All of these people were flocking to Jesus. They’d heard the stories of Him teaching with authority and an instance or two of miraculous healing. They wanted to see for themselves. Still, there were a few people who didn’t have any interest. There was a group of fishermen who’d left their boats to wash their nets. Simon, who went on to be named Peter, was one of these men. He’d go on to do amazing things for the glory of God.
Peter went on to preach the sermon at Pentecost that led around 3,000 people to Christ. He led the church in Jerusalem and wrote two letters in the New Testament. Still, on this day, he wanted nothing to do with Jesus. While the crowd gathered, Peter stayed focused on the task at hand. He avoided the Man we would go on to spend the rest of his life proclaiming. There was a plan, though.
Due to the size of the crowd, Jesus decides to climb into one of the boats, putting himself in a position to have to speak with Peter. You see, while Peter wanted nothing to do with Him at the time, Jesus went out of His way to pursue Peter. No matter how much the fisherman tried to ignore God, he had to at least acknowledge His presence. He had to respond. This is a tactic Jesus still uses today. I can say this because more than once, I’m the person He’s forced to at least acknowledge He was there.
Again, more than once during the last eight years, I’ve deliberately avoided Jesus at all costs. This gives me the experience to now help others making the same mistakes that I’ve made. If you can relate at all with anything I’ve said and want to begin following Jesus again, here are a few steps to guide you along the way. No, these aren’t three steps to becoming a better version of you. They’re three steps I’ve had to take more than once to place God at the center of my life.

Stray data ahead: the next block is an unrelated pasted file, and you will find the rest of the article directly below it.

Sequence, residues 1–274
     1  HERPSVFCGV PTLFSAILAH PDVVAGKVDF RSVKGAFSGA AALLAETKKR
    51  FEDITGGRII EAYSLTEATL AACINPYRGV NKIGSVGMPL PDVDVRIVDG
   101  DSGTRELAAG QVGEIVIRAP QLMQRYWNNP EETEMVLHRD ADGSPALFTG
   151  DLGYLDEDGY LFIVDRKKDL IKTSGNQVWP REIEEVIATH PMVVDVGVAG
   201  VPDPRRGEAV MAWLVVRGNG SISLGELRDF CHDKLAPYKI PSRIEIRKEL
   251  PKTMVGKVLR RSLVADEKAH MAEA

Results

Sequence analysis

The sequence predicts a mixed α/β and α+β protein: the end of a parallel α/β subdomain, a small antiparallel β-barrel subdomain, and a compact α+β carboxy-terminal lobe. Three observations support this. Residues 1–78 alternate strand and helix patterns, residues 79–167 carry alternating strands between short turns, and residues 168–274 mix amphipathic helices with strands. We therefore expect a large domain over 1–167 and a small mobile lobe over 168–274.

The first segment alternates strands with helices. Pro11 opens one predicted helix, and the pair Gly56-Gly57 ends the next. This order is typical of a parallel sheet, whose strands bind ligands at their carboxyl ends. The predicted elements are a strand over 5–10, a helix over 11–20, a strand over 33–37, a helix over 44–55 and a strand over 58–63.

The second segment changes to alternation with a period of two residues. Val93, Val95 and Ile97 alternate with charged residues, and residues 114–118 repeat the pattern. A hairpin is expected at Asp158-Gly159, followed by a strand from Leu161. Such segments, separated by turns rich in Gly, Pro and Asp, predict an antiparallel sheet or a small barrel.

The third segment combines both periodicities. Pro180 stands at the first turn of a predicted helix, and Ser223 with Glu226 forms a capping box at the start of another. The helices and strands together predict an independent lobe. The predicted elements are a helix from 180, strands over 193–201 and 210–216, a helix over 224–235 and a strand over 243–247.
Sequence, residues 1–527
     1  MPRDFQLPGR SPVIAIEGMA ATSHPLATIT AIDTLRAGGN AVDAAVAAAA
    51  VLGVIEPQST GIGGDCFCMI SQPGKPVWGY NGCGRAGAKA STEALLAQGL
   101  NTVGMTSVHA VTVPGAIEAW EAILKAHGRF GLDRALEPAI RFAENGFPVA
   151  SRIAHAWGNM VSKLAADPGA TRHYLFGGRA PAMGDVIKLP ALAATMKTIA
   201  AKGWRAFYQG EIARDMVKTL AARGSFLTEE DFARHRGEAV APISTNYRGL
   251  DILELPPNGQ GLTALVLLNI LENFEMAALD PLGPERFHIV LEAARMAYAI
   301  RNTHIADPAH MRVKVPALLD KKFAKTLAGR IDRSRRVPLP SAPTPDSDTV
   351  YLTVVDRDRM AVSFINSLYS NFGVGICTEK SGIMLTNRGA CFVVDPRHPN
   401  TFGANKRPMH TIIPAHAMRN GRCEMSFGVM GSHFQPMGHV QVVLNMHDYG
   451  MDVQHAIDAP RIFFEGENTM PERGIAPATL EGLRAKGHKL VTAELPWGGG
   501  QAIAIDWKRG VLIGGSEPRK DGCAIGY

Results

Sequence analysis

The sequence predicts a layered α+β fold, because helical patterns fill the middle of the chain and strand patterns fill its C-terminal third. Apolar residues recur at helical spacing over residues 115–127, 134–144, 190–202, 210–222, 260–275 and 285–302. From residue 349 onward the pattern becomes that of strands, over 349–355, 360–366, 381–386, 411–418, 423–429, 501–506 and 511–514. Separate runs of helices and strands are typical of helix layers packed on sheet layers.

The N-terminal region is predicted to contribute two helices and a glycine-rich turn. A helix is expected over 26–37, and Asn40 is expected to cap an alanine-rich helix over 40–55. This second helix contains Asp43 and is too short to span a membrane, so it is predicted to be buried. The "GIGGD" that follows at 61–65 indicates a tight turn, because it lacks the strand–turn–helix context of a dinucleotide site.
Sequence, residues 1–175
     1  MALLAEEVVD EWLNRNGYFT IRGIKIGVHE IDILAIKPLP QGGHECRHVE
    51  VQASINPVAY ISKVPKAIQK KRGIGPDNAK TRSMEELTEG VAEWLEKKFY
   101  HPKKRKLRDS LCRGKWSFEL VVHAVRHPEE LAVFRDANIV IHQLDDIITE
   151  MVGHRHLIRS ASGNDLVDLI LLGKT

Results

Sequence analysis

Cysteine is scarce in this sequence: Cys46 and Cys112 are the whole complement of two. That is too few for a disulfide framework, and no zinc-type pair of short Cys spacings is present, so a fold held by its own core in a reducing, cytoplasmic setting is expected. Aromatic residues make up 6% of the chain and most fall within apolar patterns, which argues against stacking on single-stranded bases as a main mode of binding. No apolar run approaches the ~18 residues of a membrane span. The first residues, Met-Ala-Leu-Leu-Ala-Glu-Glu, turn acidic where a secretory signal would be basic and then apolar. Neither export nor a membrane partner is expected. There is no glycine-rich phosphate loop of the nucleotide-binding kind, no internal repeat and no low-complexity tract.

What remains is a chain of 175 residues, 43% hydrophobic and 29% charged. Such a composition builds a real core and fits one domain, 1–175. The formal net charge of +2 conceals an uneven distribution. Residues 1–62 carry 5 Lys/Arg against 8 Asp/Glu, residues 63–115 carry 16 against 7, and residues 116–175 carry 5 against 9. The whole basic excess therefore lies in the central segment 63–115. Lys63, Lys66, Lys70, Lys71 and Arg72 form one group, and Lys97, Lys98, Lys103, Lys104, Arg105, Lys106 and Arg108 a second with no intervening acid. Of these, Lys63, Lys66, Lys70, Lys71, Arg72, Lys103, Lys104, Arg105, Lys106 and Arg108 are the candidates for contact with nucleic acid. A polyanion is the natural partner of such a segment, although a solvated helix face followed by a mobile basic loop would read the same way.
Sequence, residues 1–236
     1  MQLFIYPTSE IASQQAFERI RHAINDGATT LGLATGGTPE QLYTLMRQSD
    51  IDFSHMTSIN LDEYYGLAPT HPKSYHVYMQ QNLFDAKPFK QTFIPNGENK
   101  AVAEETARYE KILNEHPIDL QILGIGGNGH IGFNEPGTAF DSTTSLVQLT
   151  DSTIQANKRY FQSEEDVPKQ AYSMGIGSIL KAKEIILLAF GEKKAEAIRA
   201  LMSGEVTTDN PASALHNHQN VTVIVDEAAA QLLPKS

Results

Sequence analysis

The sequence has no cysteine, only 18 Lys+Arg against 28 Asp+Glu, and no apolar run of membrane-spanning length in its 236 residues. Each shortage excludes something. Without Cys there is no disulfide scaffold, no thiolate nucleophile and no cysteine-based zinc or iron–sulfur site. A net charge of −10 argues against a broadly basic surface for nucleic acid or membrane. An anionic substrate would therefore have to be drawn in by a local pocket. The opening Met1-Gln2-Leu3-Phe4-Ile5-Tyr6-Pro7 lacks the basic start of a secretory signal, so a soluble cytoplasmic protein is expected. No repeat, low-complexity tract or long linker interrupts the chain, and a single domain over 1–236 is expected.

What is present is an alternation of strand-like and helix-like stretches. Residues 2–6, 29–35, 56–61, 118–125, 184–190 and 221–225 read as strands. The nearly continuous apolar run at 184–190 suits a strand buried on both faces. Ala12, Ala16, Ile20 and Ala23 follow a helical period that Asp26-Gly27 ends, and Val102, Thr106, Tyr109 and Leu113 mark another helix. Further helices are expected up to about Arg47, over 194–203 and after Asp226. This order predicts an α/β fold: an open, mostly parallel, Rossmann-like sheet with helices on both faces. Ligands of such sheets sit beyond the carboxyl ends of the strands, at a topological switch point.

Allow Jesus to Speak
If you’ve been avoiding God for a while and you’re aware of His absence in your life, you have to be willing to start somewhere. You have to allow Him the opportunity to speak. That’s all He needed with Peter. Jesus asked him to put the boat a little offshore so He could address the crowd. That was easy enough. As soon as He was finished speaking to the people, He asked Peter to pull into the deep to give them some alone time. All He needed was the slightest opportunity, and Jesus went on to produce a miraculous catch of fish.
It’s no different with us today. In my case, I was too sorry to give Him an opportunity to touch my heart. I allowed shame and guilt to create even more distance. Instead of coming home like the prodigal son, I’d act like Judas and head out even further. Eventually, I’d find myself with a rope around my neck every time. Until we’re finally at a place where we’re willing to hear God speak, we’ll never be able to listen.